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New Authority for Public Transportation Agencies to Curb Passenger Misconduct

February 19, 2016

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On October 10, 2015, the California Legislature adopted SB 413, a bill that strengthens a public transportation agency’s ability to curb passenger misconduct by giving transportation agencies the option of selecting one of two avenues for addressing certain passenger behavior. Specifically, an agency may choose to adopt an ordinance imposing administrative penalties for additional types of unruly behavior than previously allowed, for example, failing to comply with a transit official's warning against disrupting others with loud or unreasonable noise. Alternatively, if the agency chooses not to implement an administrative process for addressing the additional types of passenger misconduct, it may choose to adopt an ordinance allowing it to enforce as an infraction under the Penal Code a passenger's failure to yield a seat reserved for elderly or disabled individuals. Lastly, transportation agencies still retain the right to engage law enforcement should a passenger fail to comply with a transit official's noise warning or engage in any other conduct listed under Section 640 of the Penal Code. 

Existing Law

Under existing law, a public transportation agency may enact an ordinance to impose administrative penalties for specified fare evasions and passenger conduct. This subjects a person, who would otherwise receive a citation under the Penal Code, to an administrative process. A person who is issued a notice by an agency will not be subject to a citation for the same act under the Penal Code. Once the ordinance is adopted, authorized personnel witnessing fare violations or certain passenger misconduct may issue a notice to the individual.  All fines collected will be deposited in the general fund of the county where the citation is administered.  

New Authority for Public Transportation Agencies Under SB 413

SB 413 specifies that a public transportation agency may either adopt an ordinance to impose administrative penalties for fare violations and passenger misconduct or it may adopt an ordinance, after holding a public hearing, to enforce the failure to yield a seat reserved for the elderly and disabled as an infraction under the Penal Code. This gives a public transportation agency the option either to utilize the judicial system to penalize one particular type of conduct, or to utilize the administrative process to respond to more than one type of passenger misconduct, which now includes the failure to comply with a transit official's noise warning and the failure to yield a seat reserved for elderly or disabled persons. If a public transportation agency decides to adopt such an ordinance imposing an administrative penalty, the new law is helpful in that it gives bus operators and agency personnel greater enforcement power to ensure that transit facilities remain a comfortable and safe place for all passengers. Additionally, this expanded power is administrative and consequently less confrontational than enlisting the assistance of law enforcement.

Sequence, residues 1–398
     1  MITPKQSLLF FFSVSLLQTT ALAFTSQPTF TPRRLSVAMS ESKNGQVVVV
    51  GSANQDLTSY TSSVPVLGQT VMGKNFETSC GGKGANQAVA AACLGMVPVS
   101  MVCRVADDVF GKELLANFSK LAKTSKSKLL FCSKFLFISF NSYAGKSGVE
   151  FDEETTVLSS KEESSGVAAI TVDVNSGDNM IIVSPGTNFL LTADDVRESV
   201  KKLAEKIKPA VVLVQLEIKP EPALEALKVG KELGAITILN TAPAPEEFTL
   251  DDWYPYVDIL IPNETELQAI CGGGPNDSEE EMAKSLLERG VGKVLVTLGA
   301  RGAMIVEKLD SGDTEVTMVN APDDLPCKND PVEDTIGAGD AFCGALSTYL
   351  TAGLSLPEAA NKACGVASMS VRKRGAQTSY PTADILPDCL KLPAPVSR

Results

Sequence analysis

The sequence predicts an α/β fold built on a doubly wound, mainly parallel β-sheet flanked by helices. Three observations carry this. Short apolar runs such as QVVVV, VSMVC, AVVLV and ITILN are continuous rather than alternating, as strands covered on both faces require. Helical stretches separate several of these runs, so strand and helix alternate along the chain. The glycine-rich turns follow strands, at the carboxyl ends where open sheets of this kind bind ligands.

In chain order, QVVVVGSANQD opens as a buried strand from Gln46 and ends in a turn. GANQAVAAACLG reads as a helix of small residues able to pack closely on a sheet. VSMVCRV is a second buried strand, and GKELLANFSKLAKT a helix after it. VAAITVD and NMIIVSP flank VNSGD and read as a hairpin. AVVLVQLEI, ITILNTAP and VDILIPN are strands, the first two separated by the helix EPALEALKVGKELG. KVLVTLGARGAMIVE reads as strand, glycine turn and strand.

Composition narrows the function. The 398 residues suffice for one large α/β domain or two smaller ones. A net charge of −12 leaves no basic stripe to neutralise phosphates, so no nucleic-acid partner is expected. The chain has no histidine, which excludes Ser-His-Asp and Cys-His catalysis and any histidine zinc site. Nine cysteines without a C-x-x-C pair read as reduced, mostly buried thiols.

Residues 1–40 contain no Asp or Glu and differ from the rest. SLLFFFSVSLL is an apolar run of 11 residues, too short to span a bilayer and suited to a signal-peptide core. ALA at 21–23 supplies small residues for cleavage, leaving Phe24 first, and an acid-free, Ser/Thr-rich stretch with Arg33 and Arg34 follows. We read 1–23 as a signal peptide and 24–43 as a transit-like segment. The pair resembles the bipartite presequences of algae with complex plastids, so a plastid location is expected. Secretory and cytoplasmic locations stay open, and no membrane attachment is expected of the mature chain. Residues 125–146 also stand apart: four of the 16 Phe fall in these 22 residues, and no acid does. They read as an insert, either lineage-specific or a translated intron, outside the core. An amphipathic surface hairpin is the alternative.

If an agency desires to avoid developing and implementing a system of administrative penalties compliant with the Public Utilities Code statutory requirements, it can still adopt an ordinance to enforce the failure to yield a seat reserved for the elderly and disabled as an infraction. While the new law grants agencies greater flexibility, it may be challenging, and potentially undesirable, for bus operators and personnel to issue infraction citations. To better equip decision makers, agencies should evaluate which types of passenger misconduct arise most frequently on their systems and present the greatest challenges to passenger and employee safety and comfort.  

In addition, agencies retain the right to engage law enforcement to address passenger misconduct listed in the Penal Code, which now includes the failure to heed a transit official's warning related to noise. While the new authority under SB 413 grants agencies greater flexibility, it remains unclear whether this process will practically be more effective and efficient than existing agency policies, which may include removal from the transit facility or contacting law enforcement.

Additionally, agencies may now apply all administrative penalties to minors as well as adults which grants agencies the authority to include minors in any administrative process rather than only having the option of subjecting minors to the judicial system for misconduct.

Conclusion

This new and expanded authority may prompt many agencies to review and revise their existing policies and practices related to fare violations and passenger misconduct to determine whether the existing systems are sufficient or could benefit from amendment. It will be important for agencies to  thoroughly consider the benefits and costs of implementing the new authority granted under the law. In particular, how to take advantage of the new authority while still maintaining a safe and comfortable environment for employees and passengers alike.

For more information, please contact:

Alexandra Atencio

415-995-5870 Direct Phone
415-995-3495 Fax

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Nicole Witt

415-995-6454 Direct Phone
415-541-9366 Fax

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